At the end of the year, most of us aren’t think-ing about anything more intellectual than peeling the foil off the last chocolate ball. In other words, the state of the city’s art scene is probably not your biggest worry. But it deserves some thought. In the city’s excitement over its bid for the Commonwealth Games (in another nine years), and in the more immediate fervour as the Junos come to town in March, visual art runs a risk of being relegated to a picturesque backdrop for the hoards of tourists expected to visit the city.
There’s no doubt we’re leaving a topsy-turvy year—precarious funding, bureaucratic stresses, overheated studio spaces with increasingly clever mice—and yet, people continue to create, critique and curate art, because it’s what artists need to do.
January started off with a lot of uncertainty for the Khyber Art Society. A hefty bill from the landlords at HRM and a Business Occupancy Tax for the soon-to-close Khyber Club meant a year of financial uncertainty and negotiations for one of Canada’s best-known artist-run centres. Although gallery hours were at times spotty, the Khyber still managed to present some great shows. A video installation by Turner Prize winner Gillian Wearing and Althea Thauburger toyed with emotional rawness. Emily Vey Duke’s influence, as former Khyber director, was also tangible during the captivating live animation performance by Shary Boyle and Daniel Barrow.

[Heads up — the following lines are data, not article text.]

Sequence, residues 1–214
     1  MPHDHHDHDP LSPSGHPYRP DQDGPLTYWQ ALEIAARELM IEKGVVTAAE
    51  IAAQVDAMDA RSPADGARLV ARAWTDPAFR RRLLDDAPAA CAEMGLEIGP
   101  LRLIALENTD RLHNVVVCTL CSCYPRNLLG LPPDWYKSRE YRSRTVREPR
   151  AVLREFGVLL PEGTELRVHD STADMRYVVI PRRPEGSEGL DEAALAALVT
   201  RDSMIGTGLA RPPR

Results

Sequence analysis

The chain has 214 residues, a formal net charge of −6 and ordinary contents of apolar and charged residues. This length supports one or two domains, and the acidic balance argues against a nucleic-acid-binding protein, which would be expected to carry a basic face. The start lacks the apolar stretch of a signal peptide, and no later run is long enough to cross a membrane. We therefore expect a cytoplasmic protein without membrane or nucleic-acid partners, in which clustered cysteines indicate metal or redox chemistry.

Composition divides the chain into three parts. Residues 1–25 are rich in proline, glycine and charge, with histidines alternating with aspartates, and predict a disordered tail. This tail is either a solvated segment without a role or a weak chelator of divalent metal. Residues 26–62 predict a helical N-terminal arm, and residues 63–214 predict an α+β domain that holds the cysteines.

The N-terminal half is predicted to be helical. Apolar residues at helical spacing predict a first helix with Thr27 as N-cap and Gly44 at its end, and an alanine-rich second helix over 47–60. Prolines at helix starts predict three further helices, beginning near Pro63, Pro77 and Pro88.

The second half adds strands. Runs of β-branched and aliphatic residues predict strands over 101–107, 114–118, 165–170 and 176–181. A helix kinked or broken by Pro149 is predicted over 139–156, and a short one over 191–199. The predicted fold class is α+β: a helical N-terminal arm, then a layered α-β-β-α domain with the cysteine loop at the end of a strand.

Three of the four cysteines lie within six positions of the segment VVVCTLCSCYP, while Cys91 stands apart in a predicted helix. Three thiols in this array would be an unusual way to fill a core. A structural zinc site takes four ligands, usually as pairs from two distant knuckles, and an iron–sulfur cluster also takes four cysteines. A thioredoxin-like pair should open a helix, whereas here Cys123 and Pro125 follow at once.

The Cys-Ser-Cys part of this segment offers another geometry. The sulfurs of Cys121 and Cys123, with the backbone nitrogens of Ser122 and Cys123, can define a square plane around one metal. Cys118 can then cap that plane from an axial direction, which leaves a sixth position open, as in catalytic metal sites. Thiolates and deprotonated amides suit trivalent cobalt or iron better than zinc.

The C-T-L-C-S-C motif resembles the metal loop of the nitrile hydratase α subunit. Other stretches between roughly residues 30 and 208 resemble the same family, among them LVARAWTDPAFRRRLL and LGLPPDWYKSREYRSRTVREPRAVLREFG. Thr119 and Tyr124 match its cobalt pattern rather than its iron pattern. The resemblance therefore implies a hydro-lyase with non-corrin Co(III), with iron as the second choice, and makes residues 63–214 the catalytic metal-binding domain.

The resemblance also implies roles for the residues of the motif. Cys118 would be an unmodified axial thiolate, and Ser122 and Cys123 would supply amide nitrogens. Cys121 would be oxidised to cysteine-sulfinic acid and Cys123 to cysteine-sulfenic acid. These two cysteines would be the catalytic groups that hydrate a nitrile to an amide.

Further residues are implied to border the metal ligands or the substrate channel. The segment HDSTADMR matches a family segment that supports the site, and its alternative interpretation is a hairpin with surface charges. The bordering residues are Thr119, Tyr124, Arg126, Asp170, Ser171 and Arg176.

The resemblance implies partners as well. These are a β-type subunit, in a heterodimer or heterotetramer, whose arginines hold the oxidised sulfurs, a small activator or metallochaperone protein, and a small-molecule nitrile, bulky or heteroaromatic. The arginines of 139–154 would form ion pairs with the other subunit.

The Khyber’s Barrington ally, Eye Level Gallery, celebrated its 30th anniversary by continuing a transient tradition of moving between Barrington and Gottingen. Eye Level quickly established itself as a north-end fixture with its outdoor billboard series, works that reflected the living space and culture of its new home, while an August performance series brought artful thinking to dumpsters, yards and baseball diamonds.
July’s Sound Bytes festival was a sign of Halifax’s growing importance as a hub for audio art. Organized by the indefinable Rita McKeough for the Centre for Art Tapes and Anna Leonowens Gallery, the festival included performances by Kathy Kennedy and Christof Migone.
Big names hit town. The AGNS made Hali-gonians dream in saffron with a show of Christo and Jean-Claude sketches and models. Rodin: The Magnificent Obsession was the gallery’s highest-attended exhibition ever. On a more personal (and in-person) level, Claes Oldenburg offered words of wisdom for the NSCAD graduating class.
It was a big year for NSCAD, but not only for the obvious reasons: Sure, there was the announcement of a 70,000-square-foot port campus to be designed by Brian MacKay-Lyons (along with help from Richard Serra and Bruce Mau), and the news that president Paul Greenhalgh is leaving for Washington. But it was also a big year for NSCAD faculty and instructors: local shows with work by Cathy Busby, Frances Dorsey, Michael Fernandes, Suzanne Funnell, Alex Livingston, Marilyn McAvoy, Rudy Meyer, Ivan Murphy, Jan Peacock, Sheila Provazza, Mathew Reichertz and Ilan Sandler—and many more who participated in the ArtPort exhibition at Shed 22—demonstrated the high level of skill and creativity that toils behind those brick walls. Sadly, there were losses too, not just to NSCAD, but to the Canadian arts community: Nancy Edell, whose astonishing retrospective show graced an entire floor of the AGNS, and whose work appeared posthumously at MSVU Gallery, passed away in June.
NSCAD students were also well represented. Kelly Mark returned for another show at MSVU, as the curator of Free Sample, featuring artists who embrace a “post-studio” practice where art can be made in any place, with any materials.
Perhaps this trend best sums up the scene. Art does happen everywhere. From the proposed cultural expansion at the waterfront, to the widely respected university galleries, to new commercial galleries such as Page and Strange, to the smallest addition, Gallery Deluxe Gallery, in the attic of a house on Willow Street, visual art, is indeed, all around us, and deserves not to be forgotten.